For Palestinians, Negotiations On Two Fronts
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For Palestinians, Negotiations On Two Fronts

TThe agreement in Mecca reached between Hamas and Fatah last week halted internecine warfare between the two groups but it failed to finalize the platform or makeup of their new coalition government, thereby casting doubt on the success of Monday’s Israeli-Palestinian summit in JerusalemSome Israeli officials reportedly sought to postpone the meeting, but Secretary of State Condoleezza Rice, who convened the summit, was said to have insisted that it proceed. Few expect anything positive.

“Unless something dramatic happens at this meeting, we will have forgotten it in two weeks,” said Gerald Steinberg, a political science professor at Bar-Ilan University.

Meir Shetreet, Israel’s housing minister, told a meeting of the Israel Policy Forum here last week: “I have no expectations from that meeting.”

But Fred Lazin, chairman of the Department of Politics and Government at Ben-Gurion University of the Negev, said the very fact that Israeli Prime Minister Ehud Olmert and Palestinian President Mahmoud Abbas actually meet “will be a good thing.”

"I don’t think anything substantive will come out of their talk, but their talk is what is important,” he said.

There have been reports that the Palestinians would use the meeting to release Israeli Cpl. Gilad Shalit, 19, who was abducted last June 25 in a cross-border raid near the Gaza Strip by a group of terrorists, including Hamas. Two other Israeli soldiers were killed during the surprise attack. “It may happen,” said Steinberg, “but there is a long history of rumors and until he is released he is not.”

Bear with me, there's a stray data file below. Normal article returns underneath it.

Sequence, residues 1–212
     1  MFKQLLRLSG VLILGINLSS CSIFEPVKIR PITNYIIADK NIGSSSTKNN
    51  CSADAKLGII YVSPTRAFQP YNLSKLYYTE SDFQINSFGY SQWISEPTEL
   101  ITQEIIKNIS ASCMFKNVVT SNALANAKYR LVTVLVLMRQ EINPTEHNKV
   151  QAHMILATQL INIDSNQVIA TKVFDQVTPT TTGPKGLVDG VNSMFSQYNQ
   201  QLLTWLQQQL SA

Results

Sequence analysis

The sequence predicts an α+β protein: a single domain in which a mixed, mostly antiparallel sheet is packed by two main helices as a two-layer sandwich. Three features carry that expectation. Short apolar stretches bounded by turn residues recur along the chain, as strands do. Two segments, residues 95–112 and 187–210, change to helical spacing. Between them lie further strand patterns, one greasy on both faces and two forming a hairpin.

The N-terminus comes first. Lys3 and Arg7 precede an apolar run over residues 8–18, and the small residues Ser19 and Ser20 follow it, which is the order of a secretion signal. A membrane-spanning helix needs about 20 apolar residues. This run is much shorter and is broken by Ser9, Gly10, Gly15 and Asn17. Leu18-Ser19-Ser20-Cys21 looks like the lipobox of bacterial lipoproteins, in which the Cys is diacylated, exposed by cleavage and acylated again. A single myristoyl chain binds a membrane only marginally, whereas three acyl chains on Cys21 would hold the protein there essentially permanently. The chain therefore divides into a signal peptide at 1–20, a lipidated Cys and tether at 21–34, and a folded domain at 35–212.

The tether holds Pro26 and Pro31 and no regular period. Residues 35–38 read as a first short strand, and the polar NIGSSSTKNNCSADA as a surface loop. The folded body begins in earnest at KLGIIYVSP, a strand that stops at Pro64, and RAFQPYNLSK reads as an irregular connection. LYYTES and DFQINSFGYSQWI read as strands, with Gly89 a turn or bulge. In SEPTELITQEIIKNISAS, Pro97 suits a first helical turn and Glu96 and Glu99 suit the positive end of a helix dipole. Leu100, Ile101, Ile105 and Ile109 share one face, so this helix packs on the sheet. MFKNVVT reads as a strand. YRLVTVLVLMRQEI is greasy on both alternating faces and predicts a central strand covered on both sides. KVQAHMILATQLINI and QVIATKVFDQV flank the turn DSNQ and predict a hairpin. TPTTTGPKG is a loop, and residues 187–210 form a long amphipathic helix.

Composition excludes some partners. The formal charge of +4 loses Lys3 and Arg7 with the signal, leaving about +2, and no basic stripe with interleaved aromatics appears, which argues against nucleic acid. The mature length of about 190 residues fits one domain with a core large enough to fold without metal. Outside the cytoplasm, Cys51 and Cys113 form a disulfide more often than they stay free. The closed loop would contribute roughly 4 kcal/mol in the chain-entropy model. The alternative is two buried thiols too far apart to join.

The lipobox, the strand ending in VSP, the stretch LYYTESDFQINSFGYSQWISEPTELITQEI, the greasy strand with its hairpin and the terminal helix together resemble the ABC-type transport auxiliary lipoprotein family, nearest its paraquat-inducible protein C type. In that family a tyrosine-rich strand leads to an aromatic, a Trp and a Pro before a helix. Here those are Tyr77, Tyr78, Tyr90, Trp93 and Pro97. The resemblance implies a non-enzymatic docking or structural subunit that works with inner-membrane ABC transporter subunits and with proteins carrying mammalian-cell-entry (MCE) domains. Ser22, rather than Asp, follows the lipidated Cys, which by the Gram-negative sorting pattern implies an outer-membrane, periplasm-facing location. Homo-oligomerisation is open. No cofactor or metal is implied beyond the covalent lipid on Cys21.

In return for his release, Israel is expected to release as many as 1,500 Palestinian prisoners. Steinberg said such a release is certain to trigger protests from the families of terror victims who would complain that Israel was “paying too high a price” for Shalit’s release.

Others insist that the meeting could be productive if Israel uses it to allow Abbas to explain his role in the proposed coalition government and where it stands on the peace process.

“Does he feel empowered by the agreement or weakened?” Yossi Alpher, editor of bitterlemons.org, said he wanted to know.

“The summit is poorly timed,” he said. “It would make more sense to hold another meeting after the Mecca agreement has been implemented.”

Although the Mecca agreement lays out principles for cooperation, implementation still needs to be worked out and the longstanding mistrust between Fatah and Hamas is liable to sow tension between Abbas, also known as Abu Mazen, and Hamas Prime Minister Ismail Haniyeh.

“When the CEOs of two major companies agree to merge, they leave the details to their staff, and that is what happened in Mecca,” said Elias Zananiri, a former interior ministry spokesman under the government of Abbas. “The devil is always in the details.”

The most sensitive pitfall may lie with the planned overhaul of Palestinian security forces and the appointment of an Interior Minister to oversee the job. But Professor Eitan Alimi, who teaches conflict resolution at the Hebrew University of Jerusalem, said he was not even sure the coalition government would ever get off the ground.